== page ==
State Game Commission Revises Mentored Hunting Program

After weeks of controversy about possibly dropping its mentored hunting program, which rankled many veteran hunters and organizations interested in helping get more youth involved in the outdoors, one state wildlife agency reached a compromise of sorts.

Mentored hunting programs have helped thousands of youngsters across the country get into hunting and the outdoors.

Mentored hunting programs have helped thousands of youngsters across the country get into hunting and the outdoors.

A decision given preliminary approval Jan. 27 by the Pennsylvania Game Commission will alllow children under age 7 to still be able to hunt deer and turkeys in the state. But if they kill a deer or turkey then the state-required tag will have to be transferred to them by a licensed adult mentor.

To be able to get their own tags for deer or turkeys, children will have to be at least 7 years old.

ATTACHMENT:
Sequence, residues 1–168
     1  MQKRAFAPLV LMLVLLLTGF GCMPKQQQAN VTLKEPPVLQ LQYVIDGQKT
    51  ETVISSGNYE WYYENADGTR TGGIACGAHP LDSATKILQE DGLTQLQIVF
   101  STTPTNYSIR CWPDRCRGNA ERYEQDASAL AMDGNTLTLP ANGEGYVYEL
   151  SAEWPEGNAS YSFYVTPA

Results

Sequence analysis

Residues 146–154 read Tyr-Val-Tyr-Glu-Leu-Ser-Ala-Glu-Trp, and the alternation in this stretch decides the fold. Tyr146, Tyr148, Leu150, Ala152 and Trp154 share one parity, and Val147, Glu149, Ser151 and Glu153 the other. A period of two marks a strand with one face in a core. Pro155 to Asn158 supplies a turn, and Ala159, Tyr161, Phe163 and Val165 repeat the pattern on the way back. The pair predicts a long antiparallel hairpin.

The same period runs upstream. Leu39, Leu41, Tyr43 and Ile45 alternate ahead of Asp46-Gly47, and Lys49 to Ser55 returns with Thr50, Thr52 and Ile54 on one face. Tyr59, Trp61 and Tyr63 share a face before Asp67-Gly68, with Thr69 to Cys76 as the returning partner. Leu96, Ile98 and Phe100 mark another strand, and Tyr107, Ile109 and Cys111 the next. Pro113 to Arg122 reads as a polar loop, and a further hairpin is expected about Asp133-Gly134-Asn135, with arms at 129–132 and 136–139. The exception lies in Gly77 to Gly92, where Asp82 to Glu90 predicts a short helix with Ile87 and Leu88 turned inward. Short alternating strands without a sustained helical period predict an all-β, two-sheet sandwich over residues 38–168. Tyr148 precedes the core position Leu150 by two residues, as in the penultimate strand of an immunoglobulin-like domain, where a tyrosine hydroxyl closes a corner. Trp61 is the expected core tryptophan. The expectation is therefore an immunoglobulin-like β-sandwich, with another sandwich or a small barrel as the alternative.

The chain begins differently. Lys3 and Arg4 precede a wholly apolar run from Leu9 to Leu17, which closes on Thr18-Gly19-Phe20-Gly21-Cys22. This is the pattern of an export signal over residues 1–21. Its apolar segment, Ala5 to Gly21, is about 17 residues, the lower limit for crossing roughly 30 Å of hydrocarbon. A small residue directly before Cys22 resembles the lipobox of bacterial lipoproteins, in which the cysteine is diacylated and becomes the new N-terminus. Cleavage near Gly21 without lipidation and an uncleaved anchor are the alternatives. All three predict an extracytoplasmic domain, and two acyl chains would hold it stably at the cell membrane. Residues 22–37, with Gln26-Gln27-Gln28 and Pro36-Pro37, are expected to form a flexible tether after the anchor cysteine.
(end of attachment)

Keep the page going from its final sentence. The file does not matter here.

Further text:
“There’s no reason in the world to give a tag to a 1, 2, 3 or 4-year-old kid,” said Dave Putnam, president of the Board of Game Commissioners, in this Lancaster Online report. “They’re not going to be out there using them, so why don’t we just leave the tag in the computer.

“We’re not taking away the ability for the 2-year-old to shoot an antlered buck. If the parent decides, ‘I think little Susie is ready to wail away’ — go ahead. But they have to use their own tag.”

The commission will revisit the decision at its next meeting in April. Until then, no doubt, the commissioners will be hit with all kinds of feedback — pro and con — from concerned hunters and citizens.

Proponents of the mentored youth program, which currently allows youth age 12 and under to obtain deer and turkey tags, say parents should be the ones to decide when their young hunters are ready. Opponents say some adults abuse the system with tags for youngsters who don’t really hunt and are just along with the adult.

Read the full report here.

What do you think? Should parents be able to decide when their child is ready to hunt and allow them to do so, or should state wildlife agencies set age restrictions? We’d like to hear your comments.